In high technology practice, “Moore’s Law” dictates that the speed of an average CPU (i.e., the computer’s brain) doubles approximately every 18 months. This means that the shelf life for most software programs is about one year, and is in fact often less. While you might be able to obtain some timely injunctive relief, today’s fast-track rules don’t really capture technology’s life cycle to make civil litigation the preferred forum for resolving disputes where the underlying subject matter surrounds things like software or the Internet. Let me give an example.
In the not-too-distant past, I was asked to resolve a dispute between a technology house and one of its former employees. The technology house (I’ll call them “TechCo”) was in the posture of the plaintiff and the former employee (whom I’ll call “Programmer”) was in the posture of the defendant, who had threatened to file a counter-claim. This dispute arose out of Programmer’s alleged theft of TechCo’s trade secrets while developing a particular piece of software code. Programmer claimed that there was no theft as Programmer was never an employee, only an independent contractor. It gets worse: not only did TechCo retain Programmer under an oral contract, TechCo appears to have never properly protected its proprietary information in the first place such that it could credibly argue that such information should be subject to trade secret protection. But wait, there’s more: Programmer was prepared to allege that Programmer was retained by TechCo to develop the specific piece of code in question to allow Programmer’s own trade secret information to work with TechCo’s contemplated software program.
I have to complement the counsel for both sides here as they realized that all parties stood to lose if this matter were not resolved in less than one month. Here’s what we all were able to come up with in non-binding mediation. Each side would release the other; TechCo agreed to a one time fee (approximating 1 year of what it would have paid Programmer as an employee) for an exclusive, one-year license to Programmer’s proprietary information; Programmer, in turn, agreed to a very robust set of cooperation obligations for this one-year period to work with TechCo finalizing, debugging and implementing this software for any of TechCo’s clients who purchased this software. At the conclusion of this one-year period, each side agreed to engage in substantive negotiations for the retention of Programmer as either an employee or consultant, and reduce an agreement covering such to written form, including how any of Programmer’s subsequent “inventions” would be treated (e.g., TechCo as having right-of-first refusal, work-for-hire, etc.). Importantly, it took only 1 day for us to hear, analyze and craft an agreement for this. I doubt that any court could have compelled such a win-win solution in even 1 year.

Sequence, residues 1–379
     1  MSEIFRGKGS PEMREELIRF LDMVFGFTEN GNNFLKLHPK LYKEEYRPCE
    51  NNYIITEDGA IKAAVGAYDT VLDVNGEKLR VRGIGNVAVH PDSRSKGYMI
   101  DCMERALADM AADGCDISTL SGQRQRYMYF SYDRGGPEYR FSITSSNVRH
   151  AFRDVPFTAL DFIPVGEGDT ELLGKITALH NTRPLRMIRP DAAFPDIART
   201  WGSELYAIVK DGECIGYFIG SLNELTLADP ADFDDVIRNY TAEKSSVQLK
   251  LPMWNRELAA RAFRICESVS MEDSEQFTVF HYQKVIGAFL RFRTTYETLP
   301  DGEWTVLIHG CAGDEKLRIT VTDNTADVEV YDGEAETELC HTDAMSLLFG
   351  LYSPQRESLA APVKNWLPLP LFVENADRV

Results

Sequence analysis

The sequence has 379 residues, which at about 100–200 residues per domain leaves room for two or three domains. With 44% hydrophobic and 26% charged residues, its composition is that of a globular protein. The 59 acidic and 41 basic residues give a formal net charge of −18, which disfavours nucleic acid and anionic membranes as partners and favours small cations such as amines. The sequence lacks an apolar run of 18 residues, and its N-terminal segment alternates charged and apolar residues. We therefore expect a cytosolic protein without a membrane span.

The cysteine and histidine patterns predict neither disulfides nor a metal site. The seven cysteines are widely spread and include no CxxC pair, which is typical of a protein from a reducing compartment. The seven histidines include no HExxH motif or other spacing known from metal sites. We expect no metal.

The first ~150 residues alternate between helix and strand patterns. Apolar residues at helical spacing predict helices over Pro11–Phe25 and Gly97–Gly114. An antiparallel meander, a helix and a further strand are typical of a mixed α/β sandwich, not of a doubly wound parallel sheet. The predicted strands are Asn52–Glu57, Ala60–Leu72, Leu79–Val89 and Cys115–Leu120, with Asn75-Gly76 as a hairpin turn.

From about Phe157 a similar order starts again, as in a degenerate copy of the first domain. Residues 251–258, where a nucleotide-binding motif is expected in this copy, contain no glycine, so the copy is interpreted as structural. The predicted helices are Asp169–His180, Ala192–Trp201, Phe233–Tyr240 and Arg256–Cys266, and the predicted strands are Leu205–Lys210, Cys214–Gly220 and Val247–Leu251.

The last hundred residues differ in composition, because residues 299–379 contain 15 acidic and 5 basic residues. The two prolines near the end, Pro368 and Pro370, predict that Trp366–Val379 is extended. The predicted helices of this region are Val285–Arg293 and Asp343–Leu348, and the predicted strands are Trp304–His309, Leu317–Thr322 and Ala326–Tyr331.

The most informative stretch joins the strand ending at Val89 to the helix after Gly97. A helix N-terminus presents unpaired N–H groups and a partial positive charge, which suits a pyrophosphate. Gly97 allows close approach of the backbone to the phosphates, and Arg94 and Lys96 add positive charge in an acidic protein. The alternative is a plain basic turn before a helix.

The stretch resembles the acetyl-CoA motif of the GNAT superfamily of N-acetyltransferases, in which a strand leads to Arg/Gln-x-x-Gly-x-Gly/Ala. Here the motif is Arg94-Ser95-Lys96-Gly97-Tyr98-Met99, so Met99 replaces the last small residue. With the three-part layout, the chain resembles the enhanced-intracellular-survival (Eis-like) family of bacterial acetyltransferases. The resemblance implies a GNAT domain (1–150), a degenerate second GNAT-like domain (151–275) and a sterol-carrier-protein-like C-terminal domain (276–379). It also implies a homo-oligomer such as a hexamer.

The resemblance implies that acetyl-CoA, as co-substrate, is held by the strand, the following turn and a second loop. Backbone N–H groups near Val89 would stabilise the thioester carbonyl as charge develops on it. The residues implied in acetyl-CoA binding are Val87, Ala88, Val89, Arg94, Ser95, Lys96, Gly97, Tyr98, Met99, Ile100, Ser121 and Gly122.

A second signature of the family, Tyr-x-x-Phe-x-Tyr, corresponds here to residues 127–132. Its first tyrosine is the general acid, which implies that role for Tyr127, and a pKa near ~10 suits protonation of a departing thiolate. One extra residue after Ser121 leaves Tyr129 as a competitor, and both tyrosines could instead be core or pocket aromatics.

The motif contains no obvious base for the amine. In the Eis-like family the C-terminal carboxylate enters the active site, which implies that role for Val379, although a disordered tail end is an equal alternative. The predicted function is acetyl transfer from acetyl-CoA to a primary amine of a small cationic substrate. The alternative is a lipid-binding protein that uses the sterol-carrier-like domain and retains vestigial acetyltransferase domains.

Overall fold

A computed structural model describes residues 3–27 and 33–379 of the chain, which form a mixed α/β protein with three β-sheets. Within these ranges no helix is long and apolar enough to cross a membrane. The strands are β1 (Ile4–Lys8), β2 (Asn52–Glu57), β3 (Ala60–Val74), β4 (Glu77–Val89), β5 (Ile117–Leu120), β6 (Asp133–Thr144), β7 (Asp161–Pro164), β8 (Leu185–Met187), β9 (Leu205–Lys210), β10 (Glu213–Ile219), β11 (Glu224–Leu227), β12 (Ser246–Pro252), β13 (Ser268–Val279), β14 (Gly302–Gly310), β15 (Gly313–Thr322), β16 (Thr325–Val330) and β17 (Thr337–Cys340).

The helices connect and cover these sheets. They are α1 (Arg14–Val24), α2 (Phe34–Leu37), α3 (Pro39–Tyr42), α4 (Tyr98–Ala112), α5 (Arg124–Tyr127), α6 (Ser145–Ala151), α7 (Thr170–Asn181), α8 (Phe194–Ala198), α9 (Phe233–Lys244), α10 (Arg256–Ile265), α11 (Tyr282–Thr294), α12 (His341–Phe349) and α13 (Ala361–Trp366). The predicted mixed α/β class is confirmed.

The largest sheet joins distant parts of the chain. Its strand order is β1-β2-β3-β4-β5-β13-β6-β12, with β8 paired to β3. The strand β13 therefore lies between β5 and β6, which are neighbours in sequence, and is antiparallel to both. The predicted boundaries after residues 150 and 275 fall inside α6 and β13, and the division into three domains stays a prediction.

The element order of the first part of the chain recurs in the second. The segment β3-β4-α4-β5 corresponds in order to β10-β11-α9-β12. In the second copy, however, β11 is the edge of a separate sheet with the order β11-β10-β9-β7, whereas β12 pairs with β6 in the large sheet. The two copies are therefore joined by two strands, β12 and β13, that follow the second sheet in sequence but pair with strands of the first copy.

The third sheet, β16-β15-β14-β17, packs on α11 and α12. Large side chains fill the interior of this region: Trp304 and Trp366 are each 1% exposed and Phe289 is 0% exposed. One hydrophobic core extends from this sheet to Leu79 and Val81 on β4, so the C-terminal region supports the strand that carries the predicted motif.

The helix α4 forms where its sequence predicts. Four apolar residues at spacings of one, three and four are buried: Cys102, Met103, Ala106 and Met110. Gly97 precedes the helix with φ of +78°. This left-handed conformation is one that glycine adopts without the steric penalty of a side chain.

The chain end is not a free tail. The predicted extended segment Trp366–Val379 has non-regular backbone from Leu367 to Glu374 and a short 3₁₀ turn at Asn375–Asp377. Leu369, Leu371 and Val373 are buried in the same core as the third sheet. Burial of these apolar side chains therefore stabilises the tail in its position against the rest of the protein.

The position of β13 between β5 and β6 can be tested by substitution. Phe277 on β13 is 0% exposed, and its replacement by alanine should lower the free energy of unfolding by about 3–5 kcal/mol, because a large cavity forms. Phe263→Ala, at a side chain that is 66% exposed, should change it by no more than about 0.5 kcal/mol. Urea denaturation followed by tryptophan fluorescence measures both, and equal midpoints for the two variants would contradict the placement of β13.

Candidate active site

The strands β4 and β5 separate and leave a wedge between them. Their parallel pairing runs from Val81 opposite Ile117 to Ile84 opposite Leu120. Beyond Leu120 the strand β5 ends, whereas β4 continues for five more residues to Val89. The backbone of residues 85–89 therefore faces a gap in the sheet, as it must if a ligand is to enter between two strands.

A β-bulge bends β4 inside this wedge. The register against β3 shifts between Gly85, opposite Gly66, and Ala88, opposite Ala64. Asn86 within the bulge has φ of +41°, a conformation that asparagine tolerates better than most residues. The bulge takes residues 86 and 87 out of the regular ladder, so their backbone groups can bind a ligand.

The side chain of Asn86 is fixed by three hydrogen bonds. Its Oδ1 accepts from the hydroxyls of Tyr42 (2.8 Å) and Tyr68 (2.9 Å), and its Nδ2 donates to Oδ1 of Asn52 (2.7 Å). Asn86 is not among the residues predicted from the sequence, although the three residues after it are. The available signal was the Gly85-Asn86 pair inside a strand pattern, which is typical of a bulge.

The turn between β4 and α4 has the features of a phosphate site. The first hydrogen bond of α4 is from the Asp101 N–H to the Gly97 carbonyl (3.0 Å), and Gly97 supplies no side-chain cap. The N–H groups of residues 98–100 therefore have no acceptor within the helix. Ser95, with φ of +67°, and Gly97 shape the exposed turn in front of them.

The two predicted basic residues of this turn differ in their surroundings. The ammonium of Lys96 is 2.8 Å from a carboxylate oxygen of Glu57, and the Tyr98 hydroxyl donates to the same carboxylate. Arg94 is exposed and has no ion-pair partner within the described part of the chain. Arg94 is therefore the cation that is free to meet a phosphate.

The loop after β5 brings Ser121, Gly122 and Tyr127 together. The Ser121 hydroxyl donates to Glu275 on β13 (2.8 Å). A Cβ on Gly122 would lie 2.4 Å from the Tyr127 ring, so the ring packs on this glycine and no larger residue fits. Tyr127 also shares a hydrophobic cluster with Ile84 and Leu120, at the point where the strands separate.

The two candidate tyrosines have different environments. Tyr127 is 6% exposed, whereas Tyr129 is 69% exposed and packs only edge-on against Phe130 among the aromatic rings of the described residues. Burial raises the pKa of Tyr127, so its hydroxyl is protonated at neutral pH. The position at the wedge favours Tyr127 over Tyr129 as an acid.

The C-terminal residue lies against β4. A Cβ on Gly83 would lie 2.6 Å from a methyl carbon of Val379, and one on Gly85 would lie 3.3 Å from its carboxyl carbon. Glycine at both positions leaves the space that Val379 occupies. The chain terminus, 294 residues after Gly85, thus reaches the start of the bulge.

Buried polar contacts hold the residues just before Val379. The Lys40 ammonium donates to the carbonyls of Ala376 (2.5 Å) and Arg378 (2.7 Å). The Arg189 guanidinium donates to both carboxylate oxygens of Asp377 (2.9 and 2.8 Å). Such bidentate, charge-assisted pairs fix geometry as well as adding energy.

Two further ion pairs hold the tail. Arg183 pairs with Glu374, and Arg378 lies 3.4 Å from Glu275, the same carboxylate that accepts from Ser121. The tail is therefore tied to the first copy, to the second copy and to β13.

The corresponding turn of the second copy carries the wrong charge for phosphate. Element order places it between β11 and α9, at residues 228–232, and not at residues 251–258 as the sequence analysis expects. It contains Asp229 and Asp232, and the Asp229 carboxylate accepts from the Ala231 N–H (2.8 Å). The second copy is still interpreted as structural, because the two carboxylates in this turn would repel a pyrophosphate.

In entertainment practice, cycle time is important, but so is the availability of really robust arbital forums. Luckily, a good portion of the entertainment industry is covered by collective bargaining agreements that provide for ADR – especially arbitration – with neutrals that really understand the “biz”.
For example, let’s say you represent a screenwriter who has gotten the run-around from a quasi-professional producer who has a “housekeeping deal” with a studio (whereby the studio basically agrees to seriously consider any and all movie ideas presented by the producer during the term of the “housekeeping deal”). Your client was asked to perform what otherwise might be characterized as some non-substantial edits and this producer is now wanting a co-writing credit should your client’s script get optioned for development by a major studio. Obviously, you might be able to file suit alleging breach of a confidential relationship (and plead a Desny claim) in the hopes of getting this producer to cry uncle, but win, draw or lose, this course of action has the strong likelihood of destroying your client’s current (albeit imperfect) deal and also marking your client as a “suer”, foreclosing a lot of meetings with other producers in the future. A better tack would be to take advantage of the Writers Guild of America arbitration powers. Not only would your client arbitrate before a panel of three very well qualified writers, but a decision would be reached pretty quickly...and in this set of circumstances, the decision would likely be in favor of the screenwriter. This would allow you to continue work with your client moving this script in development and, hopefully, on to pilot format (I do like to be optimistic).
Conclusion & Resources
No matter what your practice area, though, keep in mind the costs that can be saved by you and your client when you elect ADR over civil litigation. Whenever I have a client who really wants to litigate I do a litigation budget that captures not only what it will cost to get to – and through – trial, but also how long it will take (I find Microsoft Excel displays this sort of data very clearly, especially for my high-tech clients).
And I can tell you that once most of my clients go over this, they are soon asking me if there are other alternatives....